As we walked from Felpham, the Bognor Regis skyline was dominated by the multi-domed structure of Butlin’s Holiday Camp. To me it was an eyesore. From Felpham it looked like it towered over the town, drawing all attention to its monstrous self. It looked a bit like a circus tent, but an overly large and sinister one which gave the impression it might still be growing. It was as if the original tent had swelled, growing pustules and boils which then became further domes in their own right. Anyone with a clown phobia should steer clear of this stretch of coastline.
Once we got to Bognor Regis we found that the buildings next to it shielded it from view to a certain extent. Even so, the point at which the promenade passes the back side of the camp can hardly be described as becoming.
Bognor Regis used just to be called Bognor, but after King George V convalesced here in 1929 he bestowed the suffix “Regis” to the town. According to the story, he took some persuading. When the petition was first presented to him he is famously said to have cried, “Oh bugger Bognor!”. Perhaps that is why the tourist information board I saw snubbed the town’s royal connection to him, and concentrated on his wife. Instead of telling the story of how the king stayed in Bognor, it dwells on the fact that his wife, Queen Mary, once shopped in the Bognor branch of Woolworths!
Having read this, I decided that there was little more on the information board which might enrich my travelling experiences, and so moved on to the pier.
What is it with the piers of Britain and they way they appear to attract disaster? Hollywood has made disaster movies featuring buildings, aircraft, ships and volcanoes. They missed a trick, I tell you, by not making a disaster movie set on a south coast pier, because these piers all seem to be extremely accident prone. Perhaps Hollywood decided “The Poseidon Adventure” sounded better than “The Bognor Blowout”. Even so, the chequered fate of Bognor’s Pier is worth noting.
Bognor Regis’s pier was opened in 1865, and stood at 1,000 feet in length. It fared rather well in its first 99 years, but in 1964 suffered storm damage. Then, in its hundredth year, further storm damage caused its pavilion to quite literally sink into the sea. It was sold the following year, but lasted only another 9 before two fires in three months caused it to be shut down. By the mid-1990’s its repair was still a major issue; the estimated cost of restoration was well over £2 million. Despite all these problems, the pier continued to host the annual Birdman Rally, in which people with home-made flying machines throw themselves off the end in the hope that they will fly horizontally rather than vertically. Most do not. The head of the pier remained in extremely poor repair (all the more reason to jump off it, I suppose) and in 2008 the last 60 feet of it had to be demolished. The Birdman Rally was moved to Worthing.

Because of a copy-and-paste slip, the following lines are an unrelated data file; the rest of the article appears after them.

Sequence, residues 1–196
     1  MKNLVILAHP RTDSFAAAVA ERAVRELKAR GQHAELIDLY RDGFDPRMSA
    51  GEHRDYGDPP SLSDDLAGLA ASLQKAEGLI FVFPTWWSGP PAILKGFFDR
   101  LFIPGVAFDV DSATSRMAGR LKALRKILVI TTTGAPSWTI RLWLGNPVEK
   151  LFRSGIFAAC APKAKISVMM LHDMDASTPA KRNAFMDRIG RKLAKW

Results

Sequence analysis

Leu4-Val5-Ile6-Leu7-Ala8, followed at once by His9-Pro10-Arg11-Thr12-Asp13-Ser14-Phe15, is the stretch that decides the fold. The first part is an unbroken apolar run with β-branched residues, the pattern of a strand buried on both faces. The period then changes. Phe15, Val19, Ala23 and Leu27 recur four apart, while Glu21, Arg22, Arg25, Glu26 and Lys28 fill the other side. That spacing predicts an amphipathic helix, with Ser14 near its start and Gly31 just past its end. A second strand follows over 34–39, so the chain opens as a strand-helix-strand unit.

By 2010 Bognor Regis decided it could host the event again, even though there were fears about the depth of the water at the end of the shortened pier (all the more reason to make sure you fly horizontally and not vertically, I suppose). Worthing appears not to have wanted to lose the event, meaning both towns now host a competition.
In August 2011 there was a fire causing several thousands of pounds of damage, but the pier survived.
In 2013 one of the cash machines in the amusement arcade deducted £10 from my credit card but then refused to give me the money. I was rather upset by this, but again the pier survived my anger. A kindly attendant gave me £10 from the till.
Bognor Regis’s pier has seen a great storm, an inferno, several aircraft crashes, and it’s pavilion has become a modern addition to the Lost City of Atlantis. Yet Hollywood continue to ignore it. “Bugger Bognor,” as King George V said.
Still, the views were pleasant enough.
Points on this part of the walk (copy and paste the co-ordinates into Google Earth):
- Butlins Holiday Camp: N 50° 47.100 W 000° 39.770
- Bognor Regis Pier: N 50° 46.820 W 000° 40.540
Walk #56 Statistics (of which this post forms the fifth part):
- Date of Walk: 28 July 2013
- Walk #56 total distance covered: 8.30 miles
- Coast of Britain Walk Total Distance Covered: 462.52 miles
- CLICK HERE FOR LINK TO INTERACTIVE MAP!!!